I find that in NYC, it’s so easy to get stuck always wanting to try the trendiest, newest Eater-schilled restaurant. So, I wanted to post about a wonderful experience at an older, established place that doesn’t get a lot of buzz.
Last night, we needed a pre-theater meal. We were going to go to Ma Peche, which is our Midtown standby since it’s very near to my office, but they were closed for a private event. Second option was Benoit, but we ended up skipping pre-theater entirely as we were running late.
We ultimately ducked out of our show at the intermission and went to db Bistro Moderne (food is obviously a priority in our household). I’ve eaten at Bar Boulud, Daniel (PR lunch, so doesn’t totally count), and we eat at DBGB pretty regularly (the Piggy has been my SO’s fav burger for as long as I’ve known him), but I had never been to Bistro Moderne.
We each started with a cocktail—a Singapore Sling for R and a Jack Rose for me. Both excellent classics, obviously made with care. Later, R enjoyed having a glass of Lynch-Bages’ second wine poured via Coravin. I had a California Bordeaux-style blend, which was excellent, and the “5 oz.” pour was truly a glass and a half… They even brought over a little carafe for the remainder.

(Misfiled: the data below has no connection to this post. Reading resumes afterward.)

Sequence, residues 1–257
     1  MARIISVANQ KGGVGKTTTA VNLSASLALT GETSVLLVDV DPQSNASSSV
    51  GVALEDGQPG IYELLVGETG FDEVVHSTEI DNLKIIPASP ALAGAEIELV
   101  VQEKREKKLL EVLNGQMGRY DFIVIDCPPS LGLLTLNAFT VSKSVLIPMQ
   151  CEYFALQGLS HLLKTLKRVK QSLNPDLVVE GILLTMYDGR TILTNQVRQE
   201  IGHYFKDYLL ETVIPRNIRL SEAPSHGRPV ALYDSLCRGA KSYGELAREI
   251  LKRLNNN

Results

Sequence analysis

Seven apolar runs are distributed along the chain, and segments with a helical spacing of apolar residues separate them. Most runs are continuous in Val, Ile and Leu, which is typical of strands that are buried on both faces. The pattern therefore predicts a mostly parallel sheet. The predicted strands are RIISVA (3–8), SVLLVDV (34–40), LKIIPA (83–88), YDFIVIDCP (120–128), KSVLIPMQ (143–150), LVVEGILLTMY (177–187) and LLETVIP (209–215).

Since R knew he was ordering the burger, we kept it light on the starters: Shishito peppers with a delicious soy-based dipping sauce, and a big marrow bone with toasts. The complimentary bread and butter was quite good as well.
R was pleasantly surprised at the burger. He loves foie gras, but was worried about how it would work in a burger—would it overpower the meat, or vice versa? I actually didn’t even get to try it, but he said it worked surprisingly well and complemented the meat and the short rib. His verdict is that the Piggy at DBGB is still his favorite (and a better value, at just $20 vs. the db burger’s $36), but that it still an excellent burger and worth having if you’re there.
I had a hanger steak with pommes puree, caramelized onions, and mushrooms (and a side of fries, because fries are my weakness). It was one of the best steaks I’ve had anywhere in the City—no fooling. Great sear on the outside, perfect medium-rare trending toward rare, on the interior, and so tender that you could’ve cut it with a butter knife. That’s no small feat for a hanger steak.
While not a “cheap” restaurant by any means, it’s also not as much of a wallet-buster as a lot of other Theater District restaurants, but still has some nice touches—an amuse bouche and a little tray of mignardises at the end make it feel like an elevated meal. Service was wonderful, from hosts, to server, to backwaiter, to somm.